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Behavioral Ethics and Engineers: Factors Affecting Decision Making in Cases Involving Risk and Public Safety

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2019 ASEE Annual Conference & Exposition


Tampa, Florida

Publication Date

June 15, 2019

Start Date

June 15, 2019

End Date

October 19, 2019

Conference Session

Engineering Ethics Division Technical Session - Ethics Decision-Making

Tagged Division

Engineering Ethics

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Paper Authors


Harold W. Walker Worcester Polytechnic Institute

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Professor Walker is the Schwaber Professor of Environmental Engineering at WPI. Prior to coming to WPI, Professor Walker was the Founding Chair and Professor of Civil Engineering at Stony Brook University (SUNY). He started his academic career as a faculty member in the Department of Civil, Environmental, and Geodetic Engineering at Ohio State University. He has taught concepts in engineering ethics for over 10 years

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Traditional approaches for infusing ethics into engineering curricula emphasize a Rationalist model. In this approach, student learning is focused on understanding and recognizing ethical issues and developing better reasoning skills. To guide ethical decision making, students practice determining facts, clarifying concepts, identifying relevant ethical principles, and weighing evidence. While developing better reasoning skills is critical, research suggests that a person’s judgement is also affected by a host of social and psychological factors occurring throughout the decision making process. This paper explores how the ethical decision making of engineers can be improved through a better understanding of these social and psychological factors (so-called “Behavioral Ethics”). To this end, Behavioral Ethics was introduced into an engineering design course to examine ethical questions centered around issues of risk and public safety. To guide the identification of learning outcomes, a Behavioral Ethics rubric was developed which outlined key attributes for recognizing how behavioral factors may influence awareness of ethical issues, judgement, as well as the ability to undertake an ethical course of action. A Behavioral Ethics module was developed which included lecture materials and case studies. A class activity was developed based on the classic Ford Pinto case study in which students read narratives of engineers involved and identified how specific cognitive, situational, or institutional factors may have influenced their decision making.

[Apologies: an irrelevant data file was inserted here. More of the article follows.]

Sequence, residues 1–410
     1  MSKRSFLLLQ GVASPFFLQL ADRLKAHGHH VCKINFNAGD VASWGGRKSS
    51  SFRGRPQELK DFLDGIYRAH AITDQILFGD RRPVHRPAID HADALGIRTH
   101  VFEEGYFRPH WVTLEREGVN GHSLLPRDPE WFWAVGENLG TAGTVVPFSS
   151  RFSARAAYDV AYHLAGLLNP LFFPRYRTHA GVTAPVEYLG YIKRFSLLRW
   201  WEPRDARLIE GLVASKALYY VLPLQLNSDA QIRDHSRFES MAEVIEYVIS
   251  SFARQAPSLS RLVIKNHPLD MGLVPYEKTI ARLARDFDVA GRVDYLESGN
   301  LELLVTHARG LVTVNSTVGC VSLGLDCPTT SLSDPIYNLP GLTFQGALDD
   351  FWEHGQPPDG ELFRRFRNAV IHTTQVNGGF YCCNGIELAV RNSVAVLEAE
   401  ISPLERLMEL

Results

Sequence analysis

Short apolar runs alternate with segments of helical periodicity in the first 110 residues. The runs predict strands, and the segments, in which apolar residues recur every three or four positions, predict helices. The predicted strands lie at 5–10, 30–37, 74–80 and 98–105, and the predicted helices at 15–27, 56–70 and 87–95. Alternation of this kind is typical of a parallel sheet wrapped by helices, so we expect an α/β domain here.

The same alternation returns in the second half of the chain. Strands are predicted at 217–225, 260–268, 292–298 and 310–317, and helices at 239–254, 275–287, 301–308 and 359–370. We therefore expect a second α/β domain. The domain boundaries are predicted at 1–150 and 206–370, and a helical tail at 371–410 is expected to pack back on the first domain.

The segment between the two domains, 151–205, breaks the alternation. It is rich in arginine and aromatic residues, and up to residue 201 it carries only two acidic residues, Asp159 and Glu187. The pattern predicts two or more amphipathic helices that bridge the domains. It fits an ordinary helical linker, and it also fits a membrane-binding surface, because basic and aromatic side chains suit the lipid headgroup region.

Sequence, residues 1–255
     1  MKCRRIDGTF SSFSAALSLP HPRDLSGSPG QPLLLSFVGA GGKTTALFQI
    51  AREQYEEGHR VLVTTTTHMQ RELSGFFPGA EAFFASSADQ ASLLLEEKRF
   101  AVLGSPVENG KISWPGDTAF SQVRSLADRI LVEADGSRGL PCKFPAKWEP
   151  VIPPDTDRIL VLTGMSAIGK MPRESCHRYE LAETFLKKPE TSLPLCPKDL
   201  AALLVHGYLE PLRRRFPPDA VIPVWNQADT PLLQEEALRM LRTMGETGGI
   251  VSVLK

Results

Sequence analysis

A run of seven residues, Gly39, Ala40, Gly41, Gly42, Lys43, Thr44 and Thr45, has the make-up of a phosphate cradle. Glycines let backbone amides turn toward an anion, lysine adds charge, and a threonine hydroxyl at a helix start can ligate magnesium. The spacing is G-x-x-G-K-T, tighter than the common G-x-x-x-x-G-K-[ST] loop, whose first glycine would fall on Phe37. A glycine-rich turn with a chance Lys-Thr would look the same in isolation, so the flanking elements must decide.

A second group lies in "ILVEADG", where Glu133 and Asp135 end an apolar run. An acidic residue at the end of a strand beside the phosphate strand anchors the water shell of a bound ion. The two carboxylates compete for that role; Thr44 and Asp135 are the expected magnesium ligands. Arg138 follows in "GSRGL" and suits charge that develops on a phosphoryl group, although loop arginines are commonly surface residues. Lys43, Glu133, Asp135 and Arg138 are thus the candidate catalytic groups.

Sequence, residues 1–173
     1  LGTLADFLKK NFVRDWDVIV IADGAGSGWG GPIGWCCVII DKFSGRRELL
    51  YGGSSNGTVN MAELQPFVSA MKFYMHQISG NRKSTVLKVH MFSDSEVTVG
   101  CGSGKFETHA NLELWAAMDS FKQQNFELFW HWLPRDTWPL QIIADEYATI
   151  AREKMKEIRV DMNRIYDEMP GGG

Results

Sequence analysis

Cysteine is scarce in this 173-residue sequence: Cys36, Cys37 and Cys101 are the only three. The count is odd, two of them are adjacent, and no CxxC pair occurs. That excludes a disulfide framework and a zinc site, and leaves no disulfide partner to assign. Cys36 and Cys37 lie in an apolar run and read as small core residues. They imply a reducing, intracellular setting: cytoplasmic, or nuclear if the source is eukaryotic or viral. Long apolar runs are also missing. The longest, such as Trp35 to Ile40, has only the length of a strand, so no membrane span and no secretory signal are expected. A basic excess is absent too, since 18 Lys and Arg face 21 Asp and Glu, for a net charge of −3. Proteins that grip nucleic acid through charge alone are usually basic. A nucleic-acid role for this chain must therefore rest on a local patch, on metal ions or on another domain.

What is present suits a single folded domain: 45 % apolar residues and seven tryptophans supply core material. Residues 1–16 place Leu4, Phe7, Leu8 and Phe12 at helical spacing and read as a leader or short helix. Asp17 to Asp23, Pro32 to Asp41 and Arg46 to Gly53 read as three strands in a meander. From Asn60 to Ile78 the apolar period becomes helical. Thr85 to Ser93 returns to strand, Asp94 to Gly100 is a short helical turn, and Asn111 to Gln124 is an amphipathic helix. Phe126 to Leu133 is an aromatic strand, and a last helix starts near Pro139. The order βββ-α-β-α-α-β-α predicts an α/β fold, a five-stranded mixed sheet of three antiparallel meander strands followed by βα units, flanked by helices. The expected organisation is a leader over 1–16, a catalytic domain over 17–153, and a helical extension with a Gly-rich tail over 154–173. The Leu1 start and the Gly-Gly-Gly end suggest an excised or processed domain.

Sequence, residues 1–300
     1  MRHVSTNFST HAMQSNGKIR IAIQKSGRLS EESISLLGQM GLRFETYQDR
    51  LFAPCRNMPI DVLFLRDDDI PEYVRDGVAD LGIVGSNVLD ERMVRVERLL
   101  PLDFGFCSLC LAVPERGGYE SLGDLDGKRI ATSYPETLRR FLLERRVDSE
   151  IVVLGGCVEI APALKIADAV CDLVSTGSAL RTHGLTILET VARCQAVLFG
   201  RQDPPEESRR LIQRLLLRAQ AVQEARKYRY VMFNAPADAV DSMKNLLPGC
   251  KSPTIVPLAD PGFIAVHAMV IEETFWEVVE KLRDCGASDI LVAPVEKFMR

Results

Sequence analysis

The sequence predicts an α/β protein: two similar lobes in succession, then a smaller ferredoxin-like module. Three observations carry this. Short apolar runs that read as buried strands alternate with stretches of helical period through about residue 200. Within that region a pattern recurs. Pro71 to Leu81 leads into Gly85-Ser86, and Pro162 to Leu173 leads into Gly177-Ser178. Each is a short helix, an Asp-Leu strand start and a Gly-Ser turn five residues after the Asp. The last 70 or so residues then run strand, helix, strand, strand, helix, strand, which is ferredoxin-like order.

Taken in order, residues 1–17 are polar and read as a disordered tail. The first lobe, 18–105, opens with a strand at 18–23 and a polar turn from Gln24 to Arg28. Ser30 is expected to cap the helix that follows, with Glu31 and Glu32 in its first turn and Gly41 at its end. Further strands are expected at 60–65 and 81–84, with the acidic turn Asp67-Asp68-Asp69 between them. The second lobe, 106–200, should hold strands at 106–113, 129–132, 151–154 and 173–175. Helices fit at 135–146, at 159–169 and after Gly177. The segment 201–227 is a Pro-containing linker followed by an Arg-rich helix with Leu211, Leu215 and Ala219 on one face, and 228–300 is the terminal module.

Walker, H. W. (2019, June), Behavioral Ethics and Engineers: Factors Affecting Decision Making in Cases Involving Risk and Public Safety Paper presented at 2019 ASEE Annual Conference & Exposition , Tampa, Florida. 10.18260/1-2--32143

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